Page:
NEW YORK (

TheStreet

) -- Speaking for the first time publicly since the IPO,

Facebook

(FB) - Get Report

CEO Mark Zuckerberg addressed a slew of issues at

Tech Crunch Disrupt

, including the freefall in the share price, the opportunity in mobile and search, Zynga's woes, and whether the company would build its own phone.

Hosted by

TechCrunch

co-founder Mike Arrington, Zuckerberg was in front of over 3,000 people as investors, developers, media and others wanted to know about the long-term viability of the company.

The Facebook co-founder and CEO first addressed concerns about the 50% decline in shares since the

IPO in May

. "Obviously the performance of the stock has been disappointing," Zuckerberg said.

He spoke at length about mobile, which is how Zuckerberg wants the company to be viewed over the long-haul, given the tremendous growth the company is seeing in its mobile users. Here's a recap of Zuckerberg's highly-anticipated interview:

Zuckerberg went on to talk about the importance of making money, even as he defined Facebook as a mission-driven company.

Arrington asked him about how the negative share price performance is affecting morale at the company, and the compensation policy at the company as a result.

Zuckerberg noted that he thinks it's a good time for people to join, stay, and "double-down on the company."

When asked about mobile, Zuckerberg became noticeably excited, talking about the company's future on mobile and how it can generate revenue through advertising.

Zuckerberg touched on the mistakes the company has made when it comes to mobile, and he noted that building the app in HTML5 was the company's biggest mistake.

He noted that the work done since abandoning HTML5 for native (apps as we know them) is so much cleaner and faster, especially the iOS app for

Apple

(AAPL) - Get Report

, as well as the app Facebook has for

Google's

(GOOG) - Get Report

Android.

.

Arrington asked Zuckerberg if he coded anymore given that he's the CEO of a multi-billion corporation, and noted that he still "codes for fun on the side, but out of respect for other folks, I don't code for the main branch anymore." He also said, "Everything I do breaks, but we fix it quickly."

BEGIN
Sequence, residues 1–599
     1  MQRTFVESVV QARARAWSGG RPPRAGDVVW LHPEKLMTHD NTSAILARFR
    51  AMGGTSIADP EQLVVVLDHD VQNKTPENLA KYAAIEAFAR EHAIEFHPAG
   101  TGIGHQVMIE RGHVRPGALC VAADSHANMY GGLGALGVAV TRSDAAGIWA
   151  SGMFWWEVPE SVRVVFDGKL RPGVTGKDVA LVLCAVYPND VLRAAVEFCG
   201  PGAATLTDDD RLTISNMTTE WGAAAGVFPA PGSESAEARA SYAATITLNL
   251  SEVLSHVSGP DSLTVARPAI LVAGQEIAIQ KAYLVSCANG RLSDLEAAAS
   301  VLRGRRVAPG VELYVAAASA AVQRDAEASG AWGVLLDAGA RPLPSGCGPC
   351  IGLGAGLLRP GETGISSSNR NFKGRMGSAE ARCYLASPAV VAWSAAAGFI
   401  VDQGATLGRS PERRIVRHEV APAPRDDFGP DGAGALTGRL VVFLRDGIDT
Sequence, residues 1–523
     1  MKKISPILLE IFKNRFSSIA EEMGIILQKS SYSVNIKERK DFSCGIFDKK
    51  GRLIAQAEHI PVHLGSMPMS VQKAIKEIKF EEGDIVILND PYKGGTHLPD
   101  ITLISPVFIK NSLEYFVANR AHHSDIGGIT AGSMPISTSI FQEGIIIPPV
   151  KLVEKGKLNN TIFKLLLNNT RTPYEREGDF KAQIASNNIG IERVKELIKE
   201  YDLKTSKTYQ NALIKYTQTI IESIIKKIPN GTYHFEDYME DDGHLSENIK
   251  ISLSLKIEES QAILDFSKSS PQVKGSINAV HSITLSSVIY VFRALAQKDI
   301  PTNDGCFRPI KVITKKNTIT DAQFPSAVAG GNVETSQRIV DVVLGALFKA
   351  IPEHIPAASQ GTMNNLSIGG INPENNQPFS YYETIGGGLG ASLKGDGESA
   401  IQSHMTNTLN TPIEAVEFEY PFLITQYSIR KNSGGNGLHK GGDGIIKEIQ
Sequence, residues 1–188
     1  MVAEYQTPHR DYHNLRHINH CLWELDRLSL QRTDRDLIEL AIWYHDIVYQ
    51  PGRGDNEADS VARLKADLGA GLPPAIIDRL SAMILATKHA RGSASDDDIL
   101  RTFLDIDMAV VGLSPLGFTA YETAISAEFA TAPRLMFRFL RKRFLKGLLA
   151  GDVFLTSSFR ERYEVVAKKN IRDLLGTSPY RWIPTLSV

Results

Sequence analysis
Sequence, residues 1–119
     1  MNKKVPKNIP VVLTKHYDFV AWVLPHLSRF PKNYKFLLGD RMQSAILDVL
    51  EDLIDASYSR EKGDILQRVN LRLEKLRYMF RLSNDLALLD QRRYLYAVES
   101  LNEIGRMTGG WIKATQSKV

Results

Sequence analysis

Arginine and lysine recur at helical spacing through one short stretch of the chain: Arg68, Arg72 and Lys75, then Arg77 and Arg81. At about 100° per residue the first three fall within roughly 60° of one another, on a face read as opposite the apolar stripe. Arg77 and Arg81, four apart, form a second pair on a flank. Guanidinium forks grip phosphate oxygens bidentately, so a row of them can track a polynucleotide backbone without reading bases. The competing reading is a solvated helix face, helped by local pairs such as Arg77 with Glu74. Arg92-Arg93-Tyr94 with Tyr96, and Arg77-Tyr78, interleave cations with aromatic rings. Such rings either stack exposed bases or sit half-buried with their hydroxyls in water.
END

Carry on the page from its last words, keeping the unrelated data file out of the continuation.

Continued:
The

Instagram

acquisition

was brought up, and why the Facebook did it when they already had their own mobile camera app.

The subject of a Facebook phone was brought up, which has been rumored about for months. Zuckerberg was quick to shoot it down, saying it didn't really make sense for the company.

He mentioned all the companies that are building hardware (it's unclear whether he meant phone or tablet, though they were talking about phones) and mentioned Apple, Google,

Samsung

and

Amazon

(AMZN) - Get Report

as hardware companies.

He touched on the relationship with one hardware maker, Apple, which Facebook already has a strong relationship with. He noted that eight out of the top ten iOS apps are already integrated with Facebook, and the company can go really deep with its iOS integration, as well as Android. Apple announced Facebook integration into iOS 6, its next mobile operating system at its

developer conference

in June.

Touching more on mobile, he noted a particular interesting fact about how he spends his time.

Moving away from mobile, Arrington asked about Google+ and whether that "pissed him off." Zuckerberg shied away from that, but did talk about search, which he thinks is an "interesting opportunity" for them.

The conversation then moved away from search to the desktop platform, notably its partner

Zynga

(ZNGA) - Get Report

. "Zynga's had a rough few quarters," Zuckerberg said, before noting that they're "fundamentally a strong company, but they've lost some share on our platform."

He said that the Facebook platform shouldn't be about building apps inside the platform, but the real value is when information is brought back to the apps. "

Spotify

is killing it.

Airbnb

is doing a lot of interesting stuff. Nike+ is doing interesting stuff.

RunKeeper

," were cited as examples of apps that are benefiting from information outside Facebook's social graph.

The conversation wrapped up with Arrington asking Zuckerberg if he was still having fun and whether Facebook was being underestimated. He noted he was having fun, but it's more about the mission than having fun.

Facebook shares jumped on the back of Zuckerberg's comments, gaining 3.5% in after-hours to $20.11 in heavy trading.

Interested in more on Facebook? See TheStreet Ratings' report card for

this stock

.

--

Written by Chris Ciaccia in New York

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